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Words that describe sensory perception give insight into how language mediates human experience, and the acquisition of these words is one way to examine how we learn to categorize and communicate sensation. We examine the differential predictions of the typological prevalence hypothesis and embodiment hypothesis regarding the acquisition of perception verbs. Studies 1 and 2 examine the acquisition trajectories of perception verbs across 12 languages using parent questionnaire responses, while Study 3 examines their relative frequencies in English corpus data. We find the vision verbs see and look are acquired first, consistent with the typological prevalence hypothesis. However, for children at 12-23 months, touch-not audition-verbs take precedence in terms of their age of acquisition, frequency in child-produced speech, and frequency in child-directed speech, consistent with the embodiment hypothesis. Later at 24-35 months old, frequency rates are observably different and audition begins to align with what has previously been reported in adult English data. It seems the initial orientation to verbalizing touch over audition in child-caregiver interaction is especially related to the control of physically and socially appropriate behaviors. Taken together, the results indicate children's acquisition of perception verbs arises from the complex interplay of embodiment, language-specific input, and child-directed socialization routines.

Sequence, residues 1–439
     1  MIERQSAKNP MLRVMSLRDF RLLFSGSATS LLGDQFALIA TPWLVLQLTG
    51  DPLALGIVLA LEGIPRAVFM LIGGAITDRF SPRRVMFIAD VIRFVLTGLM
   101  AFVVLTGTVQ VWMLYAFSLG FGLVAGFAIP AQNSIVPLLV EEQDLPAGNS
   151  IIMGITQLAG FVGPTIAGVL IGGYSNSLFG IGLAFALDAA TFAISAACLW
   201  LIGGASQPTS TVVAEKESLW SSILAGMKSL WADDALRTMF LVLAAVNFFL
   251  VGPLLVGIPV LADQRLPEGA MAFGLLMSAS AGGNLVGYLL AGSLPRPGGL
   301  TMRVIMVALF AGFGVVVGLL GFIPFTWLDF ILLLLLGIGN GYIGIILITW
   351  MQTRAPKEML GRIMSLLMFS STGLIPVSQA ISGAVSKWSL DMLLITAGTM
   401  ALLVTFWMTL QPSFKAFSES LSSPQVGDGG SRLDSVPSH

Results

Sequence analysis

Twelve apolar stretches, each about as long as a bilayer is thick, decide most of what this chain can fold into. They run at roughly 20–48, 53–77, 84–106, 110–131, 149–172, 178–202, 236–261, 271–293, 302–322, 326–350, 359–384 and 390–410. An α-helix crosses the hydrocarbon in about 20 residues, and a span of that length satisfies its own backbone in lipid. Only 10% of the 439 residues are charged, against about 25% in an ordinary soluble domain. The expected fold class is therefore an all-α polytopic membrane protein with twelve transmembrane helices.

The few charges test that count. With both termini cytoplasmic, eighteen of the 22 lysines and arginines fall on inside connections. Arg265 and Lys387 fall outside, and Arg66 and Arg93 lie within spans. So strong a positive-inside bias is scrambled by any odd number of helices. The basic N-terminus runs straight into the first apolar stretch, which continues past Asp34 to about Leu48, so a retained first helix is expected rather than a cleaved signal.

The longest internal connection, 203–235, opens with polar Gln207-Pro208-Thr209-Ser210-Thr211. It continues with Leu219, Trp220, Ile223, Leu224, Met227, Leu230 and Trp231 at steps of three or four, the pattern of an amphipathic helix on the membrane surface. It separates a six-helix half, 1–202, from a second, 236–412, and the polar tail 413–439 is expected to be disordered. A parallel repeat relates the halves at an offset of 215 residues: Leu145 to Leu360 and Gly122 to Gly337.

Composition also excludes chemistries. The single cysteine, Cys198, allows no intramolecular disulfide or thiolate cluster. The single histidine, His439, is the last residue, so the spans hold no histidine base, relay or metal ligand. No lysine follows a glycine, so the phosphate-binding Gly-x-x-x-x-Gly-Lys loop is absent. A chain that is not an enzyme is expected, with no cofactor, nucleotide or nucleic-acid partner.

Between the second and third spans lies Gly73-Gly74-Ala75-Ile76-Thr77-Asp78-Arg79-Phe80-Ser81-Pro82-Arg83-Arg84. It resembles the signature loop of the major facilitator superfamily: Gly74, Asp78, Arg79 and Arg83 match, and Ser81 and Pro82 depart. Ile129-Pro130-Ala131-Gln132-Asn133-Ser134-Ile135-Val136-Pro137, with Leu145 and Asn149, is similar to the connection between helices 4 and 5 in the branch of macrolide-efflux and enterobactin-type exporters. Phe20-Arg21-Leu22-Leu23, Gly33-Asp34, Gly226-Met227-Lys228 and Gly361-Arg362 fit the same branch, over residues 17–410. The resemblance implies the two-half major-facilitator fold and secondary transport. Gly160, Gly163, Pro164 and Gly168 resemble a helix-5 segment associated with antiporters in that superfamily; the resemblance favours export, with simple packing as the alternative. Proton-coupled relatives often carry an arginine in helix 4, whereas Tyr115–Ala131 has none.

Original publication




Journal article


Cogn Sci

Publication Date





Embodiment, Language acquisition, Perception verbs, Sensory dominance, Sensory language, Humans, Language Development, Infant, Female, Male, Language, Child, Preschool, Visual Perception, Speech, Touch, Auditory Perception